Interview with Actress Alicia Lara

ED- The Eerie Digest is very excited to present actress Alicia Lara to our readers. Alicia, you have worn many hats in your career so far.   What encouraged you to make your career in the film industry?

AL- I am, at the heart of things, a movie fan.  To be on screen creating characters that touch people—one way or the other—is my biggest wish.  Love, hate or feel sorry for my character—I just want them to touch you somehow.  Great actors in great roles have marked moments throughout my life and I aspire to their heights.  Robert DeNiro in “Awakenings” (which led me to watch “Raging Bull”), Cate Blanchett in “Elizabeth”, Julie Walters in “Educating Rita”, Peter Sellers in “Being There” and Benicio del Toro in “The Usual Suspects” and later, “Traffic.”  Toni Collette.  Gene Wilder–you know, he’s great. In his films he is in these ridiculous situations and he always stays very grounded—that’s what makes it funnier.  I tend to be a very real actor so I take that route—no matter what is happening around me, even when I’m in a farce onstage, I keep it real.  That’s just my tendency. I have a long way to travel yet in my career but I can only hope I make some kind of impact, in the end, on someone’s life the way these actors have inspired mine.

ED- Was there also a childhood ambition that chose this direction for you?

AL- When I was younger I tended to be quiet and reserved but in my “inner life” I was a singer—a pop singer like Madonna. Haha!  I spent a lot of time dreaming up whole different lives for myself.  Later, that ability to create a fantasy life became useful—for creating characters.  Instead of singing I chose to pursue acting because I really like the idea of stepping in and out of different lives.  All the characters have different stories and I love that.  And a lot of times creating the backstory is up to the actor—to give the character life.  You have a script but it rarely tells you everything that led to making this character the way they are at this moment.  That’s up to actor—it’s fun to fill in those blanks.

ED- You also produced a film called ‘The Track’. What was the storyline for this project and what made you decide to do it?

AL- The story is about a woman who comes from a family with tendencies towards mental illness—her aunt is schizophrenic and she worries about her mother in that capacity as well.  The woman, Sabrina, wonders if she too is mentally ill and the film follows her and certain events that cause the audience to question her state of mind.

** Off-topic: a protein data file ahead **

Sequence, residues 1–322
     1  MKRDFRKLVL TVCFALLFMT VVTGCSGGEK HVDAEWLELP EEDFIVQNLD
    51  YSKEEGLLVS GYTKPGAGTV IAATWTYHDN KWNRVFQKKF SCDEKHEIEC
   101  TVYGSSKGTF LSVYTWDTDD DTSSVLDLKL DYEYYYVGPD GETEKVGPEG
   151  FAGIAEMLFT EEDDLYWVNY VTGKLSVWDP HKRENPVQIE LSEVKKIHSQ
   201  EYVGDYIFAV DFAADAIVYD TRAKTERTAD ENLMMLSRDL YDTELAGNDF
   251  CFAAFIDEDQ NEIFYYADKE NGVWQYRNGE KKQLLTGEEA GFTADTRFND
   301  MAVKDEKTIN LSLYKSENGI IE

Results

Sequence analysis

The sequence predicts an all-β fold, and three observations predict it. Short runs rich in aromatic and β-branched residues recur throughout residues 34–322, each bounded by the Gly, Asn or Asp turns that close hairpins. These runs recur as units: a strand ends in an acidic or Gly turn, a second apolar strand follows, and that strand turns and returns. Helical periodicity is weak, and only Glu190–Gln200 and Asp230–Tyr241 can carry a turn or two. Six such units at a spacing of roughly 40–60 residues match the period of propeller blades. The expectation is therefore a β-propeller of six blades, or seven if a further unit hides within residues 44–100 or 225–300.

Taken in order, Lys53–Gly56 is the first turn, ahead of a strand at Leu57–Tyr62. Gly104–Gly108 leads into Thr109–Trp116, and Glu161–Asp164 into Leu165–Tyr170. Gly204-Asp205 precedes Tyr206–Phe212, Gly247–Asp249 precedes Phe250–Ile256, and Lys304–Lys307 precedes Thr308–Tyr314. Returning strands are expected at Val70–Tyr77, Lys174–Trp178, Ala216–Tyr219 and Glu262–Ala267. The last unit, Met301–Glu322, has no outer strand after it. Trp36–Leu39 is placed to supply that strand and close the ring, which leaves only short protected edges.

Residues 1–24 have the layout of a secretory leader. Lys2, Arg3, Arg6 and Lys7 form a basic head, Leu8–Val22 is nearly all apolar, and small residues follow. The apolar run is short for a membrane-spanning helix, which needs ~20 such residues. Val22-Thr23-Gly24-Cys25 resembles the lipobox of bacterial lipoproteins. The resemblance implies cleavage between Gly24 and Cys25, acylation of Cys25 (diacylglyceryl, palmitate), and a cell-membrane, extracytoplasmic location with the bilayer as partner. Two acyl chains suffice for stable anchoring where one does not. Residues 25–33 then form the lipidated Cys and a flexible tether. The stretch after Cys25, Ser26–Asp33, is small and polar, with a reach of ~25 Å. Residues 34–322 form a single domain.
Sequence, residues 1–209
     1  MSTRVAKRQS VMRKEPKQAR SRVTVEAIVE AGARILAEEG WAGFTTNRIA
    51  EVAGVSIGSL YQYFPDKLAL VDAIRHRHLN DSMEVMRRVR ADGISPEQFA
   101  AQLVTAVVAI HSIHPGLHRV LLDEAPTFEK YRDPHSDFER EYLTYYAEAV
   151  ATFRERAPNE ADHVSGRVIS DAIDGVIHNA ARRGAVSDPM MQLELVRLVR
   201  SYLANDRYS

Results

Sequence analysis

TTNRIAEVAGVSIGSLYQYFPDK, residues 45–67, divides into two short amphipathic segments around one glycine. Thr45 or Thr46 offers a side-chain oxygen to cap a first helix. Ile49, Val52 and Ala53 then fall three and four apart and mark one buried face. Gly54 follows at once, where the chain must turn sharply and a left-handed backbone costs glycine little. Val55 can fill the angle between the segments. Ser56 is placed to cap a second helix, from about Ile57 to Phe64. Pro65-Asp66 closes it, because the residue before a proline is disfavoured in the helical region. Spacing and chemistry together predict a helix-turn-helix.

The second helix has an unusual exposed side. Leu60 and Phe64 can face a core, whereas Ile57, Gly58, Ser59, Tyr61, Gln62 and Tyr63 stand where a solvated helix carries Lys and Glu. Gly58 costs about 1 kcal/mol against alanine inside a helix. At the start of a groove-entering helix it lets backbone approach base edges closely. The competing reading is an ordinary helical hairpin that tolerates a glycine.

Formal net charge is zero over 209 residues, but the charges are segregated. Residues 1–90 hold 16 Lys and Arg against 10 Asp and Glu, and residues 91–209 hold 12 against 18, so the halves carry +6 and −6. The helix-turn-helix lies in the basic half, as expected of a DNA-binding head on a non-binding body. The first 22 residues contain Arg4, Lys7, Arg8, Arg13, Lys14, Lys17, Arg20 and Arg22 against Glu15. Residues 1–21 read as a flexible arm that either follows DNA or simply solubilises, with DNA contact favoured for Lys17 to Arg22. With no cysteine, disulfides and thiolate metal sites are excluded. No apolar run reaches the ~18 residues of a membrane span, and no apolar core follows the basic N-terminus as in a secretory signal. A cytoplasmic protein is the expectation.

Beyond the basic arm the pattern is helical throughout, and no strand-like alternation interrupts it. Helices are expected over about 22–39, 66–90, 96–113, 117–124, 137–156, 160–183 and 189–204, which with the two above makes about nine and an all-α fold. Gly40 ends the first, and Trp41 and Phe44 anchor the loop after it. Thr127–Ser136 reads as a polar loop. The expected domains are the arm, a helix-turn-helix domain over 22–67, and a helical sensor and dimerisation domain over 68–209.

“The Track” is based on a short story that I wrote very quickly one day.  I decided to make it into a film to experience my own version of film school.

ED- We understand that you also wrote the story for this movie and directed it as well. This was a major undertaking for you. Can you tell us about this experience?

AL- I wanted to see how much goes into making a film and how close I could come to getting the version of the story that was in my head onto the screen.  I chose to aim for a certain audience reaction at the end—when the last scene was done I wanted the audience to stop and say “well, is she crazy or not?” and I wanted different people to have different opinions of what was really going on with Sabrina.  That is exactly what I got, so I consider my first “exercise in filmmaking” to be successful.  Plus it got seen on the festival circuit and got onto IMDb.  That being said, during pre and post-production and during filming I wanted to scream on several occasions.  Loudly and shrilly.  Considering that actors might have a reputation for being flaky, especially when working for low or no budget productions, these actors were actually all great—they showed up on time and stayed as long as needed.  I had a different experience with other crew members and learned some very important lessons… Always have a monitor to watch playbacks of scenes.  Also, choose crew members carefully—go ahead and be picky and find people you look forward to working with and who respect you.  Even if you have no budget.  That will make the whole experience more enjoyable.